Changing career to be a trader.

Mr. Charts

Legendary member
7,370 1,194
In response to the post quoted below, I'll write something over the holidays about how and why I changed career fourteen years ago from dentist to trader; disadvantages (few) and advantages (many).
It'll be a bit of light reading :)
Richard



[Originally Posted by Mr. Charts View Post
...having traded full time for 14 years...]
(Mr C
Has it really been this long? I recall reading that you were formerly a dentist (or was it pharmacist?).

Do you mind sharing the pros & cons of your current occupation in relation to your past practice? Rgds
seguna)
 

BSD

Veteren member
3,819 985
Hi Richard,

should be interesting.

A buddy of mine is a dentist.

German, like me, but doing that in Bucharest.

Carved himself out a niche.

Attracts lot's of customers because people can be a bit dodgy like that, you know, grass being greener on the other side and all, so if he's a foreigner, he must be better than the locals, silly stuff like that, lol.

Be good to hear how you handled the pressure at beginning without a regular income any more.

Think that is the single biggest issue for anyone starting out and wondering where next months rent is going to come from.

Merry Christmas

:)

Christmas-Tree-Nature1024-226431.jpeg
 

BSD

Veteren member
3,819 985
I seriously believe that trading is 90% psychological.

And stress and worries are a serious detriment to keep following your signals even if you've just lost a couple trades.

Bruce Kovner who's a multi Billionaire these days was driving a taxi to geneerate supplemental income when he started out trading.

Not having to worry about next months rent can do wonders to your trading !
 

neil

Legendary member
5,167 748
At the Dentist

Better than dealing with clients like this eh Richard :D
 

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lawrence-lugar

Active member
140 22
My dentist and I started talking about stocks/trading -- just small talk a few years back, at one appointment.

He seemed mighty interested in the markets -- but he was definitely an amateur.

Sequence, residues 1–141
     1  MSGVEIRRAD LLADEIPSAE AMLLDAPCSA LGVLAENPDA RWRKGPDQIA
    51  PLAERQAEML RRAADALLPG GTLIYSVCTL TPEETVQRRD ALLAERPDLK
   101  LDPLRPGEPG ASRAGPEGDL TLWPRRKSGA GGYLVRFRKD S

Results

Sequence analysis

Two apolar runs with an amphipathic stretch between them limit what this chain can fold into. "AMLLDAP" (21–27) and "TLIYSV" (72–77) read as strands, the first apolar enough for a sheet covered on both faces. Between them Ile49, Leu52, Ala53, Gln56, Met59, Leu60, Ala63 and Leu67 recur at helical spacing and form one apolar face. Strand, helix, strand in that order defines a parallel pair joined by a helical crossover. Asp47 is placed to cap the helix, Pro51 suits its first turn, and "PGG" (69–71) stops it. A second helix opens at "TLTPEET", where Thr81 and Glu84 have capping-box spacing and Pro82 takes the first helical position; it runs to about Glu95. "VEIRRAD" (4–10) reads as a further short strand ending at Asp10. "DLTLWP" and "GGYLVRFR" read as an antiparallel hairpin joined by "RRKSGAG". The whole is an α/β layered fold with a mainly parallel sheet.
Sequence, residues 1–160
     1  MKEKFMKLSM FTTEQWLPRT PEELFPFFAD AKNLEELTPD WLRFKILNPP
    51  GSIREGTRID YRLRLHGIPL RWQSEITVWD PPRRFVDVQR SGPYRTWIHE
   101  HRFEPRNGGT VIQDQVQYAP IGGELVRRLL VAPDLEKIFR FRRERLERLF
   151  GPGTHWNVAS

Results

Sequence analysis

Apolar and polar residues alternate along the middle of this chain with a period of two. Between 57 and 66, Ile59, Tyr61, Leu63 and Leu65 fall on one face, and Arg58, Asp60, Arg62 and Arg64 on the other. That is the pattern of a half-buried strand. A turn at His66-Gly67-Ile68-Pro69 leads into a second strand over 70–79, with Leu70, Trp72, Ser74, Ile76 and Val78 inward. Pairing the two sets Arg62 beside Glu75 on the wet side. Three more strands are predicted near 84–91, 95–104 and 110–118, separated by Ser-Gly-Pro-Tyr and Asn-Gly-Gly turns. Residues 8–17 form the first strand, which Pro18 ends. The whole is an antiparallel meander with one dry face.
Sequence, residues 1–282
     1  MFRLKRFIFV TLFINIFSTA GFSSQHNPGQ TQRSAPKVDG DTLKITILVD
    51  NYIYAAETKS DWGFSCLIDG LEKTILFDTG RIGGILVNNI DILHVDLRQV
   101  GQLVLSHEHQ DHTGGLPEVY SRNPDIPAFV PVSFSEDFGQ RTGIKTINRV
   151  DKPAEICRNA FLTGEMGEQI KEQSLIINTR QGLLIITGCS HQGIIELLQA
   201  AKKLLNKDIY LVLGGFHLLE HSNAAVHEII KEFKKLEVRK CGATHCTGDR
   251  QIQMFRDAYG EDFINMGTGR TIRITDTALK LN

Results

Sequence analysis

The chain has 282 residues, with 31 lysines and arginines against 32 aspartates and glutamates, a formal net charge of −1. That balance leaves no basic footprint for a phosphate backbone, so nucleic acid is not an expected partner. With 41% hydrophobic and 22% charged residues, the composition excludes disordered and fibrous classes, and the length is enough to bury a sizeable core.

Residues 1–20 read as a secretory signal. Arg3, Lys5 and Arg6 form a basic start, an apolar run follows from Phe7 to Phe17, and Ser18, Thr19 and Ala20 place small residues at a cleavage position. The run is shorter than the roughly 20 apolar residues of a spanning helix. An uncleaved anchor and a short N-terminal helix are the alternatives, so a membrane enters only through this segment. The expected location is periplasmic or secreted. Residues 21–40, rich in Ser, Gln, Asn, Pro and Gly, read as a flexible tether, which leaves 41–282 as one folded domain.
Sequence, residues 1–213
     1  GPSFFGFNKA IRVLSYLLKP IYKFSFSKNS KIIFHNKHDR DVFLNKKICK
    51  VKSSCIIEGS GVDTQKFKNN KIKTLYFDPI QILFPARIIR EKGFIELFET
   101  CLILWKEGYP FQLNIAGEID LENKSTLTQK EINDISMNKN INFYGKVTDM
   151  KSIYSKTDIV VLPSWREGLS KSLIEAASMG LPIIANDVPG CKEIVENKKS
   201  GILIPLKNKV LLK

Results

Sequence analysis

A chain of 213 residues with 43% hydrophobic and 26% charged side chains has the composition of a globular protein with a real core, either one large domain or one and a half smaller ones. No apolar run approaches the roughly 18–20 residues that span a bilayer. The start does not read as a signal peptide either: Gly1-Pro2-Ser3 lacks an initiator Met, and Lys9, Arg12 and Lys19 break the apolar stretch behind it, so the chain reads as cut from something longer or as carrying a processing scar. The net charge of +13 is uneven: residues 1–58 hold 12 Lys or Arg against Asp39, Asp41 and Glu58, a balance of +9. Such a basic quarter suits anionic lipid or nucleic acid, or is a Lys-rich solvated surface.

I joked at him...why...are you interested in switching jobs/trading for a living your own account. :sneaky:
It did seem like a boring/depressing job, he had.
 

gerryg

Established member
900 7
In response to the post quoted below, I'll write something over the holidays about how and why I changed career fourteen years ago from dentist to trader; disadvantages (few) and advantages (many).
It'll be a bit of light reading :)
Richard



[Originally Posted by Mr. Charts View Post
...having traded full time for 14 years...]
(Mr C
Has it really been this long? I recall reading that you were formerly a dentist (or was it pharmacist?).

Do you mind sharing the pros & cons of your current occupation in relation to your past practice? Rgds
seguna)

Well to devote yourself entirely for trading one might need good source of passive income, unless he doesn't have a family or other serious expenditures... so vigorous change should be considered, first of all, in the light of future negative consequences, as emotional pressure caused by that won't definitely contribute in positive to your trading progress..
 

EnergyLegger

Junior member
13 0
I seriously believe that trading is 90% psychological.

I used to be of exactly the same opinion when I started out (and for some considerable time after that) however I now agree with Euan Sinclair's thoughts on the matter. He stated 'I know of no other field of endeavor where failure to perform a skill is routinely blamed on psychology. Would you seriously listen to a basketball coach who told you that the main reason you are not in the NBA is was your lack of discipline and desire. While great players are psychologically strong, no amount of desire and resolve will turn you into a professional level player. The reason professional traders make money is because they are playing a totally different game'